| Counter Point |

Behind the Gadol Is a Great Person

What counts is integrity to self, to be genuine and actualize personal potential

Growing up, I always knew I was related to one of the poskei hador. But he was a shadowy enigma of a figure, as I’d never met him. Besides, I was a regular, normal person, not the type for gadol hador connections.

It wasn’t until I came to seminary in Eretz Yisrael that I met Reb Zalman Nechemia, my mother’s first cousin. My imagination could not have prepared me for the diminutive man who greeted me with a casual cardigan draped over his shoulders and a twinkle in his blue eyes. “Ah! We have chashuve company from America,” he said, with a broad smile.

Although I was tongue-tied, it wasn’t moments before I was seated at the large dining room table, a mug of tea in my hands and a warm, contented feeling in my heart. I immediately felt accepted as one of the family and an instant bond was formed.

Reb Zalman Nechemia kept me entertained with stories of my grandfather and my mother, many of which I’d never heard before. When my mother’s family left Eretz Yisrael to move to the United States in the early 1950s, Reb Zalman Nechemia accompanied my mother’s family to the airport. On the way, the van they were traveling in went into a ditch and turned over. They all climbed out of the van, and continued walking to the airport! Life was tough in those days, and when the car rolled over, you just got up and walked. He remembered how my grandfather once brought his family a small battery-operated car from America, an item inaccessible in Eretz Yisrael. But they couldn’t afford the battery to run the toy.

Throughout his reminiscing, Rebbetzin Rochel kept my hand in hers as she gestured, “All we are, our entire family, we owe to your Zeide Yosef.” My grandfather had been instrumental in helping his sister’s family escape the Soviet Union and the family never stops expressing their hakaras hatov for that salvation.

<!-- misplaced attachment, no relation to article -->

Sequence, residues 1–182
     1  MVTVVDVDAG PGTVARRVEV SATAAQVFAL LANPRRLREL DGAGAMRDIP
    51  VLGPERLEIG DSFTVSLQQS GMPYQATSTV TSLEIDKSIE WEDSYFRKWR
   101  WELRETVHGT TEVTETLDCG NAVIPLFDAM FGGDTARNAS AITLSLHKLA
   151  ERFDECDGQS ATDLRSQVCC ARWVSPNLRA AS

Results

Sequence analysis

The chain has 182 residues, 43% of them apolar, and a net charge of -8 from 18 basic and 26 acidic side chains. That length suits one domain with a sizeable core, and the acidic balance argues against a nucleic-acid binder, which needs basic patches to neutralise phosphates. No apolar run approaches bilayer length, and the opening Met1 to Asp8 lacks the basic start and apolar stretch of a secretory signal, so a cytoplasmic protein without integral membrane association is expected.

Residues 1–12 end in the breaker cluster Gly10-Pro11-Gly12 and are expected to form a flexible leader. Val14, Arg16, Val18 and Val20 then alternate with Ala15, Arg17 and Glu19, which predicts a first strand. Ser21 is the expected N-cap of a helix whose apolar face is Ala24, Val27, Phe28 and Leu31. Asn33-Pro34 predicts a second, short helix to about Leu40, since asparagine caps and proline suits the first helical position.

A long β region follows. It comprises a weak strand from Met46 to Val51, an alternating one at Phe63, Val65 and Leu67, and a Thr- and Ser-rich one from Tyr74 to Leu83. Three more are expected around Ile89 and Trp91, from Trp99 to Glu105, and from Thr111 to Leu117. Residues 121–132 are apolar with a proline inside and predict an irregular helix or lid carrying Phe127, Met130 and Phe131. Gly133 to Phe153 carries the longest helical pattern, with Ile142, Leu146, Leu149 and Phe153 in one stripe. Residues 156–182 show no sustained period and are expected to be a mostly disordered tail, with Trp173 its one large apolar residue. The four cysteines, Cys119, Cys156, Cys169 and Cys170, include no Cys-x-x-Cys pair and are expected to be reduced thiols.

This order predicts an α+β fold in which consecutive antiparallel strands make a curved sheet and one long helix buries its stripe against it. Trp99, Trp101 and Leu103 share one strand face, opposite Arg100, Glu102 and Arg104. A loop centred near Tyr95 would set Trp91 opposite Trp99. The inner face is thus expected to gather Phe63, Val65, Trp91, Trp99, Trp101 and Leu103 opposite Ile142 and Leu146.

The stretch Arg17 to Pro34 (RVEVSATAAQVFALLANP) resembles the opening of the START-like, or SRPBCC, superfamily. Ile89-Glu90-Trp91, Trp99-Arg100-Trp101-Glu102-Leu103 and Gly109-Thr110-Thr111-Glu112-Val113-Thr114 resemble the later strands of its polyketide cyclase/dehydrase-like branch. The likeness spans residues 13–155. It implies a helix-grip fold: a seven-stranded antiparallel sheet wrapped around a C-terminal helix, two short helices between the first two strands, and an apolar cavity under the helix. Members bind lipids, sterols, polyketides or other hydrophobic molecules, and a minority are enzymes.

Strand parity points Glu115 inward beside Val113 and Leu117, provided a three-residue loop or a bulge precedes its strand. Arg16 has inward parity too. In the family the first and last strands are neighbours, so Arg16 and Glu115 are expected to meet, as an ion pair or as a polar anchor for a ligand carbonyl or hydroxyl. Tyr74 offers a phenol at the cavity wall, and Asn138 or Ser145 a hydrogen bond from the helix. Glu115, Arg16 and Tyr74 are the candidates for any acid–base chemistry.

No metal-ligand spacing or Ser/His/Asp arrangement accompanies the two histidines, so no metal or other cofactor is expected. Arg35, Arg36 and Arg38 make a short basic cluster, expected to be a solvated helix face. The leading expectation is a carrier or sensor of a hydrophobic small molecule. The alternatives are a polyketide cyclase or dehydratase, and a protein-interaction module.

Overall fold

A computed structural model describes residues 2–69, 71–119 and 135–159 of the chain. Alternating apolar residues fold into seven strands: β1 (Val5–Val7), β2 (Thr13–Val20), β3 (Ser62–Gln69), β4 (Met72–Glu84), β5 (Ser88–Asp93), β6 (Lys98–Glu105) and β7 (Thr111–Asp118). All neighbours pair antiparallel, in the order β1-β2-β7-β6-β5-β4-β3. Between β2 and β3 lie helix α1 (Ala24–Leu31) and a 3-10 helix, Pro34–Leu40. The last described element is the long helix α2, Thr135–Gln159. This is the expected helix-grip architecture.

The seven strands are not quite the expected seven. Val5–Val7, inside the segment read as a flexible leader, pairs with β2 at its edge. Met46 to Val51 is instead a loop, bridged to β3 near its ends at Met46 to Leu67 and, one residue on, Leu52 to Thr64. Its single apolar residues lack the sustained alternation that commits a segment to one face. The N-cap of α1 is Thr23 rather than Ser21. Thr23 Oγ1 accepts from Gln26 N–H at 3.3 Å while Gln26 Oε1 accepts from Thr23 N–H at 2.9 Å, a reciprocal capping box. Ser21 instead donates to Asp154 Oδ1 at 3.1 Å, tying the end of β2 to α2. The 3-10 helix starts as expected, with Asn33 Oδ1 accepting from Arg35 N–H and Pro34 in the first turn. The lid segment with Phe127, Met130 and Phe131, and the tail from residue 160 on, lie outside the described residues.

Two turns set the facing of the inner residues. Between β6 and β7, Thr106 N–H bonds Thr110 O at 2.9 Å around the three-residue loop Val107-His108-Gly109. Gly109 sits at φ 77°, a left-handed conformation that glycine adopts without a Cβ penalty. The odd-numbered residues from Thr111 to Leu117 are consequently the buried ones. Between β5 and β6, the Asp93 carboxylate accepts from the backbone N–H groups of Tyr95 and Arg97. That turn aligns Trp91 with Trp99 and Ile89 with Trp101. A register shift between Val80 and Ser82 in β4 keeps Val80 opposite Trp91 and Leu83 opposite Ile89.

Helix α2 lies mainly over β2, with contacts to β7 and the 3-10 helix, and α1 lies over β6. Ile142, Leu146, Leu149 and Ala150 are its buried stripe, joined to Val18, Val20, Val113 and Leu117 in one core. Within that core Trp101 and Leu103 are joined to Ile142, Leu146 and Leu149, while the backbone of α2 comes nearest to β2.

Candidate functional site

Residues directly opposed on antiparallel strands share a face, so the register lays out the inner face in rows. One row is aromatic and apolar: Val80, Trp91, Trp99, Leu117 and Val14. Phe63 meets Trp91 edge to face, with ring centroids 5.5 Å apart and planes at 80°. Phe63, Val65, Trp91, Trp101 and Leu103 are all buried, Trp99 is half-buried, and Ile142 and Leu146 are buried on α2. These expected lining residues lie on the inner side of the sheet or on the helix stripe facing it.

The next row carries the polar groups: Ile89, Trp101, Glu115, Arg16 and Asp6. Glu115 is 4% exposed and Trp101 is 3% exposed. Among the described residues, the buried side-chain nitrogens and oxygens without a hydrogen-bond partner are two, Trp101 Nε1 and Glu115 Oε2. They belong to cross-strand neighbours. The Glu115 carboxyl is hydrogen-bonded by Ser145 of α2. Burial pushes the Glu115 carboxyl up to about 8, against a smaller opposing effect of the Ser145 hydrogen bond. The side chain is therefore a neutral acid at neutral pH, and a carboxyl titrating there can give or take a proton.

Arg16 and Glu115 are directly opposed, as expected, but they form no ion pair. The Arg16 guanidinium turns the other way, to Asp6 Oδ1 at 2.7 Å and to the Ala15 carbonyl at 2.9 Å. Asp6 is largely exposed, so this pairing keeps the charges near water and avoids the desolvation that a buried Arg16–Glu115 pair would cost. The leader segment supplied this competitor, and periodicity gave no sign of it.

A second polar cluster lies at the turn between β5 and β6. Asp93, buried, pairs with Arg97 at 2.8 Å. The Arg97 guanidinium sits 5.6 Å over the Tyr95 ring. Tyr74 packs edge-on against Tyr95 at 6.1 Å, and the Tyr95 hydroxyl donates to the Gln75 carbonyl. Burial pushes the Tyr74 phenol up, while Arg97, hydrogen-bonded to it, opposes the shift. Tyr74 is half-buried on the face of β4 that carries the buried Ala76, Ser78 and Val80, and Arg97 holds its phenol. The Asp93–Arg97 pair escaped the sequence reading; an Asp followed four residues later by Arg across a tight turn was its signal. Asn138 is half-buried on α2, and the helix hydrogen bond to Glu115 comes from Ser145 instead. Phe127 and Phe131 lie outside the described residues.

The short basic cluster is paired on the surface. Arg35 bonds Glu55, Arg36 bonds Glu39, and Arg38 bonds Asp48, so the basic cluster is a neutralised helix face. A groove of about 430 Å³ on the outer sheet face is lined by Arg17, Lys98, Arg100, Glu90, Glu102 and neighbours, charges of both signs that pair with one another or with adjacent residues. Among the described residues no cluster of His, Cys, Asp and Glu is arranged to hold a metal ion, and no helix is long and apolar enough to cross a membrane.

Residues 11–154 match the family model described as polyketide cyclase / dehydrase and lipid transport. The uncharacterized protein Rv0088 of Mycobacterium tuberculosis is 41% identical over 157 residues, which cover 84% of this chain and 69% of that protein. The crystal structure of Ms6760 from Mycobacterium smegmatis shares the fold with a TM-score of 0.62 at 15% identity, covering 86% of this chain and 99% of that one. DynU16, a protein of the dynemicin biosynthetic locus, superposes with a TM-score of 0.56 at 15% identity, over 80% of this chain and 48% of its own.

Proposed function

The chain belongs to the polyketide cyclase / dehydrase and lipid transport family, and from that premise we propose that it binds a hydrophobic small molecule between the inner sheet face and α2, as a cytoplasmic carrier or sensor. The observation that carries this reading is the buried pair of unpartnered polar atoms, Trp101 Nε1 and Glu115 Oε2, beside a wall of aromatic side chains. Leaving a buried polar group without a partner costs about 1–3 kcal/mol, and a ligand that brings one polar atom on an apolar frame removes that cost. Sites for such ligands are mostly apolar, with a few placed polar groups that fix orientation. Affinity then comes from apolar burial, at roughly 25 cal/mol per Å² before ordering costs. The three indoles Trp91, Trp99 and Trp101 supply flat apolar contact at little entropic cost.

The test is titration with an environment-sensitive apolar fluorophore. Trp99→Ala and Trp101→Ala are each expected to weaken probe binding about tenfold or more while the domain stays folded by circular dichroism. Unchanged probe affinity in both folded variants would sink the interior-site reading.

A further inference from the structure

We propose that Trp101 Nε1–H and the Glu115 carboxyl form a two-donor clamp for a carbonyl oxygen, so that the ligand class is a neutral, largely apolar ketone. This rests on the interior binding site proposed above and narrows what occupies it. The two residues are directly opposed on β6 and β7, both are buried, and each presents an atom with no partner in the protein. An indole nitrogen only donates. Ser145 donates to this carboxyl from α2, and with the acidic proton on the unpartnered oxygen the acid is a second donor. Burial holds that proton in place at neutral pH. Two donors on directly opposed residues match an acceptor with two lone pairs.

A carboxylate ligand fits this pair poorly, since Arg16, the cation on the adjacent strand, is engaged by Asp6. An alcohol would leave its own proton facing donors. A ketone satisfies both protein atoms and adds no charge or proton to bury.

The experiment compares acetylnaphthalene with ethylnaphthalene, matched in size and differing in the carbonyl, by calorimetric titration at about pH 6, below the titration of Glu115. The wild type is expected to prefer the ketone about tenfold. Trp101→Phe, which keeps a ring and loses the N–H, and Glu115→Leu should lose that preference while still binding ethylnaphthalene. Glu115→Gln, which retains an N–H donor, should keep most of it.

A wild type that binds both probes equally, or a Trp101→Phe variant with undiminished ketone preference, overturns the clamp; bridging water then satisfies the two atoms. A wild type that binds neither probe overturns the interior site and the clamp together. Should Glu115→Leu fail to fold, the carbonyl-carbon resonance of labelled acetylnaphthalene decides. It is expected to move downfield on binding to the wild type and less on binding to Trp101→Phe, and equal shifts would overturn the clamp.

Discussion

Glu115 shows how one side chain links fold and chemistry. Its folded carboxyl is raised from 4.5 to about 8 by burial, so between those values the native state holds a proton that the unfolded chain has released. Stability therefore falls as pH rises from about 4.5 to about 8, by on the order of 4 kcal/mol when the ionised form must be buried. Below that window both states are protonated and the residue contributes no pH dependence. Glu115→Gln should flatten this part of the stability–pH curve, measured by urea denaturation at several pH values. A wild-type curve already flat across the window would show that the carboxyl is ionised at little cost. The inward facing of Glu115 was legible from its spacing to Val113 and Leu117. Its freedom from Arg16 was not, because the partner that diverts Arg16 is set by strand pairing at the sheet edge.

There was something captivating about the atmosphere; both the Rav and the Rebbetzin were warm, lively, charismatic people. And so grounded, down to earth, never any airs about them. What you saw was what you got and what you got was authentic simchas hachayim and a life governed by Torah with every breath they took. But Torah wasn’t a series of chumras, tensions, and a yoke of solemn responsibility. It was simply the sustenance from with they drew every breath, that fueled the dynamics of every action and reaction of their lives.

Most of the children were already married by the time I arrived on the scene, yet each new family accepted me with the same warm inclusion that characterized their parents. I spent Shabbosim at the Goldberg house, sharing a room with their youngest daughter, Yochi (Kushelevsky). Shabbos morning, Reb Zalman Nechemia would return home from shul and find us still sound asleep. He’d just walk to the table and start Kiddush. Within moments we’d tumble out of bed giggling, and he’d smile and finish the brachah.

During the Gulf War, my seminary dorm closed down and I moved in with Tzivia (Fuss), their second daughter. Watching her and her husband calmly wake up their children several times a night to don gas masks as sirens wailed taught me infinite lessons in chinuch, far more than any seminary class.

I returned to Israel every summer until I got married. Always, the Goldbergs were thrilled to see me, involved in the ups and downs of my shidduchim, rejoicing when I moved here. “Oy, how the Zeide Yosef is shepping nachas,” Rebbetzin Goldberg would say with a smile. “He came to Eretz Yisrael alone and now, look! Look at his family, how you’re raising Yiddishe children here!”

Every simchah we made, they were there. At my daughter’s chasunah, we gave Reb Zalman Nechemia a brachah under the chuppah. Like many Israeli chuppahs, it was a bit heimish, with several children crowding under the chuppah with us. My five-year-old had plopped himself down right on the floor in the front of the chuppah to get the best seat. Reb Zalman Nechemia was elderly at the time, and when he approached the chuppah it was difficult to walk by due to these front-row spectators. Yet characteristically, the Rav didn’t tell my son to move, and instead maneuvered himself carefully around him to approach the chassan and kallah. During the dancing, Rebbetzin Goldberg, despite her age, danced with my daughter for a long time. When my daughter thanked her so much for coming and staying, she answered with a twinkle, “Didn’t you invite me to the whole chasunah?”